I was privileged to be a part of something that doesn't happen all that often these days. In mid-July, my brother and I, as well as both our families, hosted a party to celebrate our mother and father's 60th wedding anniversary. Their love and dedication to each other wasn't something that just happened. It was something that they actively worked at, prayed about, and made a priority their entire life together. Working with our father for over 30 plus years in the HVAC business, he made it a point almost daily to remind us that the meaning of life is never found in the business we build or the wealth we accumulate—but rather, in the relationships we have with God, our family and our friends.
He did not give this belief only lip service—he practiced it daily. Both my brother and I worked as technicians in the business before and while going to college. When we graduated, he offered us a part of the business. Against the advice of his accountant, he gave both Dan and I equal shares of ownership. When the accountant told him that's not how it's done, he replied, “If my sons want to cheat me—I'd rather know it now than later.” His faith and complete trust in us did more to drive us to grow the business and give us a sense of responsibility than had he followed the accountant's advice and ‘dangled it like a carrot in front of a horse' to motivate us to work hard for him. He took the risk because he felt his relationship with us was worth more than the business he had built.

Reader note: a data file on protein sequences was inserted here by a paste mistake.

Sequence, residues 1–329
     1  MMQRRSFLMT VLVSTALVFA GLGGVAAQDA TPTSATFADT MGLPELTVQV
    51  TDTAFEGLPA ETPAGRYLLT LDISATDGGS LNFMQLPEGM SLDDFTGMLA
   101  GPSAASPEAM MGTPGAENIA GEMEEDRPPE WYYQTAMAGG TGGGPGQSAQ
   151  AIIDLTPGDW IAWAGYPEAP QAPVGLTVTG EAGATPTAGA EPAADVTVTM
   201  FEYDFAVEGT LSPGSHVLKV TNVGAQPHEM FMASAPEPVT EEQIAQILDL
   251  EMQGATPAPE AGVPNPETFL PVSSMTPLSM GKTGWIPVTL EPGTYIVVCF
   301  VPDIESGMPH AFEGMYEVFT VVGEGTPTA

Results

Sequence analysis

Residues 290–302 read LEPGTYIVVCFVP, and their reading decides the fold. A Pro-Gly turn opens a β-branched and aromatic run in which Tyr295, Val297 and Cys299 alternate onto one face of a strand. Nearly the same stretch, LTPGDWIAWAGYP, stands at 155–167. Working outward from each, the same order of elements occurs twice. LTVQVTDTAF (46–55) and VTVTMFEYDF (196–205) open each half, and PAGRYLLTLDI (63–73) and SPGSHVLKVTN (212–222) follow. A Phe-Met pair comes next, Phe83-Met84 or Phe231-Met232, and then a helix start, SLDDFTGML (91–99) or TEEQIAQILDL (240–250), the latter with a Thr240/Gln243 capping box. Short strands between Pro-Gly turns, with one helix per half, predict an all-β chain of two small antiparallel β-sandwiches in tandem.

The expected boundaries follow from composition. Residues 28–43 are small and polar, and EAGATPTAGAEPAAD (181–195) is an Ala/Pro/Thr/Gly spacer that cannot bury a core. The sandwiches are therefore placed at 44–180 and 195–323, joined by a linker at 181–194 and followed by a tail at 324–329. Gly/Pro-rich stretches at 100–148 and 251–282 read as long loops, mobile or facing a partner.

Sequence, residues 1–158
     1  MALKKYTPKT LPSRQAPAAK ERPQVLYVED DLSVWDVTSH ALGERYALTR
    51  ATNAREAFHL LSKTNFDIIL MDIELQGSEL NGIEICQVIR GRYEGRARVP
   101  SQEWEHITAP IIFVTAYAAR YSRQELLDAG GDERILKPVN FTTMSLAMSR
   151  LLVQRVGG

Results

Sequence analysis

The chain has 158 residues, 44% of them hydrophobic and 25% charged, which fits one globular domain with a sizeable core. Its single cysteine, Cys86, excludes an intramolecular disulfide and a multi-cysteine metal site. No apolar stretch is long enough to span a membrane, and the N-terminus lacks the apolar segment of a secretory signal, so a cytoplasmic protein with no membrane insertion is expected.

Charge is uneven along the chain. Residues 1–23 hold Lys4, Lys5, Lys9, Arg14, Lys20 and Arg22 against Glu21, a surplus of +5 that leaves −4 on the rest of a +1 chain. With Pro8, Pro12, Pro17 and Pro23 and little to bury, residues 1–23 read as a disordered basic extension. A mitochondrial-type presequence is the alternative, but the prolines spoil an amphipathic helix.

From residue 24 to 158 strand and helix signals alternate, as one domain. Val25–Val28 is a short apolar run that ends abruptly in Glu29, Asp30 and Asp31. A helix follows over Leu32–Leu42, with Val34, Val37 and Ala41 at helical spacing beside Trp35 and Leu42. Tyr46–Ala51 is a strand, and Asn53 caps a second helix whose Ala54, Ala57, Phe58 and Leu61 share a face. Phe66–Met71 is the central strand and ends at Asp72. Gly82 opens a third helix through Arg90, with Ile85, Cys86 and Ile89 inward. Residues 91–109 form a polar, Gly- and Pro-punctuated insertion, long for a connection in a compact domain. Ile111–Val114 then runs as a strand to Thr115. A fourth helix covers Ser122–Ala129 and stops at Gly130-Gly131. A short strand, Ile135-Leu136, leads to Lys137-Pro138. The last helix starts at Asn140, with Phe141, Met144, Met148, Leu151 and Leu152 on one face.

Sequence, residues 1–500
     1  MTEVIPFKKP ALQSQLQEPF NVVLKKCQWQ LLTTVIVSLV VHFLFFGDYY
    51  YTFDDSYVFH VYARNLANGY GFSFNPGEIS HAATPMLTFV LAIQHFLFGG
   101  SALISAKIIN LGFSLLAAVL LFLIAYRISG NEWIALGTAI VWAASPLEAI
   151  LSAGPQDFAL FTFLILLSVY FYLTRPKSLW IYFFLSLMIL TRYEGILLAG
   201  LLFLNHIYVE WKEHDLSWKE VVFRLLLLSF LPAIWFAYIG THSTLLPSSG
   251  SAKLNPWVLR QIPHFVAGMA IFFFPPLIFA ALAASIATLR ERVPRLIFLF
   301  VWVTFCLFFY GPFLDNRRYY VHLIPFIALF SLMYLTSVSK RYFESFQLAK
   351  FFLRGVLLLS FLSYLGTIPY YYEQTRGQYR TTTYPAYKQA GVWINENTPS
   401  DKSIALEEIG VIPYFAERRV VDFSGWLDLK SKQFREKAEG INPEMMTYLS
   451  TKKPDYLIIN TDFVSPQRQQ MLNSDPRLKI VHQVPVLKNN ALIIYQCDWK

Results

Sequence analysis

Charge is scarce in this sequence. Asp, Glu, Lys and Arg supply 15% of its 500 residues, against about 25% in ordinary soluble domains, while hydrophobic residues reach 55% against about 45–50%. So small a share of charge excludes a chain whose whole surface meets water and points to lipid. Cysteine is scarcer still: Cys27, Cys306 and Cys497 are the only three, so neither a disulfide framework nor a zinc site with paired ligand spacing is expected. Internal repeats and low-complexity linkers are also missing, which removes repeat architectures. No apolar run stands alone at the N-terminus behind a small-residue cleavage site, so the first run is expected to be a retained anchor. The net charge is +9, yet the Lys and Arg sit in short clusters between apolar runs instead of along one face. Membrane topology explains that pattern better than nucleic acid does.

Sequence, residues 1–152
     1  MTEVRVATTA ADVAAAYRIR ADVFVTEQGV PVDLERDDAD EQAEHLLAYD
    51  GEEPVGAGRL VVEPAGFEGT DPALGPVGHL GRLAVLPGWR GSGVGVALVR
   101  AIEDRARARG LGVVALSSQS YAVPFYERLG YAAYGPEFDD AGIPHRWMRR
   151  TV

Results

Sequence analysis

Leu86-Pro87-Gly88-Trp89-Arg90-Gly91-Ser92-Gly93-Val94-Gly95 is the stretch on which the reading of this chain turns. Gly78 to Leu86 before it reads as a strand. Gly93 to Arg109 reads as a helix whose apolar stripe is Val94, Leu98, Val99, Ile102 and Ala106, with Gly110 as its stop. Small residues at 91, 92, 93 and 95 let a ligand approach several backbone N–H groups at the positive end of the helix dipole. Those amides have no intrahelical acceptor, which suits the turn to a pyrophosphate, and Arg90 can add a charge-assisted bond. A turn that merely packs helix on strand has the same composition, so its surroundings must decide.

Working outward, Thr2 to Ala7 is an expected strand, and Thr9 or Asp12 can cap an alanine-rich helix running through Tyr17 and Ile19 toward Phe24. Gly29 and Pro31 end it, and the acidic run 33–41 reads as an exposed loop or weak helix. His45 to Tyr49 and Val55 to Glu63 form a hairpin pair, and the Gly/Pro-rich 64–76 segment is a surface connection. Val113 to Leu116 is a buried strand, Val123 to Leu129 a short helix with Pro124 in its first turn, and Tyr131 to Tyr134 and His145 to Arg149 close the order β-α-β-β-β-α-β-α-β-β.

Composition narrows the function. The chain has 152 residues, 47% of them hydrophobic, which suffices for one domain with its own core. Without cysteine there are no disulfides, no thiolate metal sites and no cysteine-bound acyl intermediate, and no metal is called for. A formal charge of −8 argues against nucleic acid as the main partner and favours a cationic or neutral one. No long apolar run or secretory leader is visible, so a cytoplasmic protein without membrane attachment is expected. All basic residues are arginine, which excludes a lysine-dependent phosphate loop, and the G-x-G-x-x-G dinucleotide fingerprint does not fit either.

It was this same understanding of the importance of relationships that shaped our partnership over the last 30 years, making it successful as well as a joy to be a part of. As anyone who has ever been in a partnership knows, they can be the most fragile things in business. There are two things my father taught Dan and I that are a big part of why our partnership has been so strong for so many years. They are about the internal and external forces that can ruin a partnership by ruining the relationships. The two things were mutual respect and keeping score—both of which are not really taught in any business school.
In fact, my father's first rule of ‘mutual respect' goes against the primary rule of partnerships taught today that says the worst partnerships are ones where no partner has enough shares to make a decision